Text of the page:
Bearded, knit-capped country crooner Zac Brown is trying something new to attract fans this summer. He's traveling with a full-service kitchen in a tractor trailer that will dish out steaming creole jambalaya ($8) and tasty chocolate peanut- butter biscuit pudding during his shows.

After last year's dismal summer concert season, acts are redrawing their strategic road maps.

John Jurgensen explains why some seats at concerts this summer will actually be cheaper than last year and what part of the arena you're like to find them.

They're rolling out new tricks such as the Railroad Revival Tour led by U.K. folk-rock band Mumford & Sons, who this month will travel with two other groups via vintage rail cars, performing at six stops from Oakland, Calif., to New Orleansóbuilding buzz ahead of a longer U.S. tour. They're seeking out offbeat venues such as the decommissioned steel plant in Chicago that in July will host one of four inaugural festivals organized by the Dave Matthews Band.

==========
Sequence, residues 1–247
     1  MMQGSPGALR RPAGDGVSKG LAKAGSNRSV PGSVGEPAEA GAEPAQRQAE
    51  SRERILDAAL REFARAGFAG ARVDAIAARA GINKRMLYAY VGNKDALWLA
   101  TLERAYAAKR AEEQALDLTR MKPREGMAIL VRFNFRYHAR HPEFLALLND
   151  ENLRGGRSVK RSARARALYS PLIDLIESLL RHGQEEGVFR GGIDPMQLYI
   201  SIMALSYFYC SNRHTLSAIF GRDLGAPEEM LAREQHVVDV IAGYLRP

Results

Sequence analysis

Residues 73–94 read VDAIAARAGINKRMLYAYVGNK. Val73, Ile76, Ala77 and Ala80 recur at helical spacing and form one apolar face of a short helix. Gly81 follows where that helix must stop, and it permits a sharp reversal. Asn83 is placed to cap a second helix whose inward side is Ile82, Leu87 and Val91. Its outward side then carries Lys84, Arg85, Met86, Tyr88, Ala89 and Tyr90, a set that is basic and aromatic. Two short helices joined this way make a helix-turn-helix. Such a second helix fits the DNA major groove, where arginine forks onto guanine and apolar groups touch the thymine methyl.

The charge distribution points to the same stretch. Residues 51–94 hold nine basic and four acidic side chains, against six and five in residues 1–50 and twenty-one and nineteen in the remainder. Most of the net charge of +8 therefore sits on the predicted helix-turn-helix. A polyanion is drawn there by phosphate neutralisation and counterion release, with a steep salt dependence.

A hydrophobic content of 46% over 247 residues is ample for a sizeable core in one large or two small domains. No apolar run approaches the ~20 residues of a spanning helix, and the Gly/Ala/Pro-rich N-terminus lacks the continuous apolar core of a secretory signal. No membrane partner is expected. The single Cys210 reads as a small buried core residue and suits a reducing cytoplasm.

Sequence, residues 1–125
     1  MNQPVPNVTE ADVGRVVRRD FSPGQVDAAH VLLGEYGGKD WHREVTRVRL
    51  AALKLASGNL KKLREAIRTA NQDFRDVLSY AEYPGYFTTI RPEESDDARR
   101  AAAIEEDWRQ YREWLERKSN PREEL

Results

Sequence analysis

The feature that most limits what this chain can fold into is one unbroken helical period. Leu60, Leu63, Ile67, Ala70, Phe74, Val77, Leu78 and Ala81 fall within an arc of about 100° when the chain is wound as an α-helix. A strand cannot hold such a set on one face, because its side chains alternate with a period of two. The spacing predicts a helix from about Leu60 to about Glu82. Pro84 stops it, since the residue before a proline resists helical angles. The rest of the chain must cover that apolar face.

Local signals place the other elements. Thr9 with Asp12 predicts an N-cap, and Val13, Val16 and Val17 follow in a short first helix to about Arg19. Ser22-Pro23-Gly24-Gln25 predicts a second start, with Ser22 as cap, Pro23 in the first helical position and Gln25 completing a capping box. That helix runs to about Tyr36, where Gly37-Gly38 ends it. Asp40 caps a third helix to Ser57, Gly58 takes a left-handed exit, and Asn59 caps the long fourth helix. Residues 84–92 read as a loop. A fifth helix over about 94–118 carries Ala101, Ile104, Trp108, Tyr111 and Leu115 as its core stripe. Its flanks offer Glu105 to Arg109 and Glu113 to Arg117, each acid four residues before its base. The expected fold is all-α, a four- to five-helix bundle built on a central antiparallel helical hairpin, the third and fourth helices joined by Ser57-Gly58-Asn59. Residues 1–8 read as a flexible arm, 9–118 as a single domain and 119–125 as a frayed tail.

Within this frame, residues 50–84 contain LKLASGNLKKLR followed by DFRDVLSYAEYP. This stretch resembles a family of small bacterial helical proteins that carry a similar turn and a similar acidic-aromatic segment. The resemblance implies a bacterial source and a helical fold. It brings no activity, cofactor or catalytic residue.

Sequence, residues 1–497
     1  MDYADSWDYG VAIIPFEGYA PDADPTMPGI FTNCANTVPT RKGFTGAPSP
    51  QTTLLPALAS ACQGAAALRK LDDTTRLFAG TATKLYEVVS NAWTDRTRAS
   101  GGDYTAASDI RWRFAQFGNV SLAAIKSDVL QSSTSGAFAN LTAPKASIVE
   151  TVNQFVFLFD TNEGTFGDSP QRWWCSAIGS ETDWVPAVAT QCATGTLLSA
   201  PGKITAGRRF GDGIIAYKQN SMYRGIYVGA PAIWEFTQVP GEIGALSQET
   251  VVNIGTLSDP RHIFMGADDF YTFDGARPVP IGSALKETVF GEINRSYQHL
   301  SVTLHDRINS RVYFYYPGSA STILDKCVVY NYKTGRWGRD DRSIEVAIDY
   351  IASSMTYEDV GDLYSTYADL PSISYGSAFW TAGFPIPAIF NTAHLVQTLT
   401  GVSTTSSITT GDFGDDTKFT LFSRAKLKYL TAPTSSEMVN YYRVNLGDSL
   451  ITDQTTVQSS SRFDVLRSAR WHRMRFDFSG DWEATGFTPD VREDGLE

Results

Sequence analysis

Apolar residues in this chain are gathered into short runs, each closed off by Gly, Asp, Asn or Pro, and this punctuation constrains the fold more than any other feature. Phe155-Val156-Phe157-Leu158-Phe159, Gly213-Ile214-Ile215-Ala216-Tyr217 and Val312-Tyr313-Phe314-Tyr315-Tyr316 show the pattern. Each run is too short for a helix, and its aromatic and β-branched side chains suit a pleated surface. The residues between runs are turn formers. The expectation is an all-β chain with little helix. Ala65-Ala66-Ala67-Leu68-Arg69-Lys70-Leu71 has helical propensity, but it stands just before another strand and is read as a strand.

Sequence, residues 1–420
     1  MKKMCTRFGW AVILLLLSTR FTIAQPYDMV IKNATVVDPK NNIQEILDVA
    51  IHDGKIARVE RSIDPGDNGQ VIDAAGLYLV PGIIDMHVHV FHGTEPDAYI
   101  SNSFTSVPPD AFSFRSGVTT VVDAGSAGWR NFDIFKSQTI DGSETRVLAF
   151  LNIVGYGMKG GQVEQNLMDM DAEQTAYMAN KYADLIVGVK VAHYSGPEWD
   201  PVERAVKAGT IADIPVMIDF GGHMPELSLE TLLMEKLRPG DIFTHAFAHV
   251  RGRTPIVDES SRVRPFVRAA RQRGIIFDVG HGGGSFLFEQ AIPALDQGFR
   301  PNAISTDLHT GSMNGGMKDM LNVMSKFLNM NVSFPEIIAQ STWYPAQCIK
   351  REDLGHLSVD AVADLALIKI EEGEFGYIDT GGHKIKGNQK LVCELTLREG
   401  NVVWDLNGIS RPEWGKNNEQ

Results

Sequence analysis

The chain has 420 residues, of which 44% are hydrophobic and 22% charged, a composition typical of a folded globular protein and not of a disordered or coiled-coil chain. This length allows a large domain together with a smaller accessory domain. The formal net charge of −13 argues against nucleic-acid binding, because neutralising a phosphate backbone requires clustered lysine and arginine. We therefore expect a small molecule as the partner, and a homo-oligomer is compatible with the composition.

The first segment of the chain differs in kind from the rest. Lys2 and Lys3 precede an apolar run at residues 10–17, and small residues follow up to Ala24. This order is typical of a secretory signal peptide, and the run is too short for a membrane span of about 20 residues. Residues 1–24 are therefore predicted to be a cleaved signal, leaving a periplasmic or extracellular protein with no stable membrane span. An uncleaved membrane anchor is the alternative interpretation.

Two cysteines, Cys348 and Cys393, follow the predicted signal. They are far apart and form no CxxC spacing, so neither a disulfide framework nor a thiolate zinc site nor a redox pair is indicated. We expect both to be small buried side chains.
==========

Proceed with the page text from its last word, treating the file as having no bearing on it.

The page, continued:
Others are cutting ticket prices and, more quietly, tightening their touring budgets. "We might be jamming more people on fewer buses, or doing a little less pyro on stage," says Ken Levitan, a manager whose acts include the rock band Kings of Leon and pop singer Ke$ha.

The importance of the summer concert season can't be overstated for artists leaning on touring revenue, as CD sales continue to fall and audiences fragment. The industry is frantically brewing up new mixtures, trying to find something for everyone. 

Read the entire article in the Wall Street Journal.